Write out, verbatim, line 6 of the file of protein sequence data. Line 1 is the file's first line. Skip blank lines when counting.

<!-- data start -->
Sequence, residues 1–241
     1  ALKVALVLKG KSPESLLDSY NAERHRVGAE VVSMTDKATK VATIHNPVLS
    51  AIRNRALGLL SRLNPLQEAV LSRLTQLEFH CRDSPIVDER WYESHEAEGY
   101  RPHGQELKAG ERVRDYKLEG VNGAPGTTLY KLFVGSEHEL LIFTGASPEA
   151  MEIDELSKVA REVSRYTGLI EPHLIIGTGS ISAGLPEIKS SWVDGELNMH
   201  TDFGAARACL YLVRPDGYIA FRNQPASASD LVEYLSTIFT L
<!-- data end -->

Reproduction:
   201  TDFGAARACL YLVRPDGYIA FRNQPASASD LVEYLSTIFT L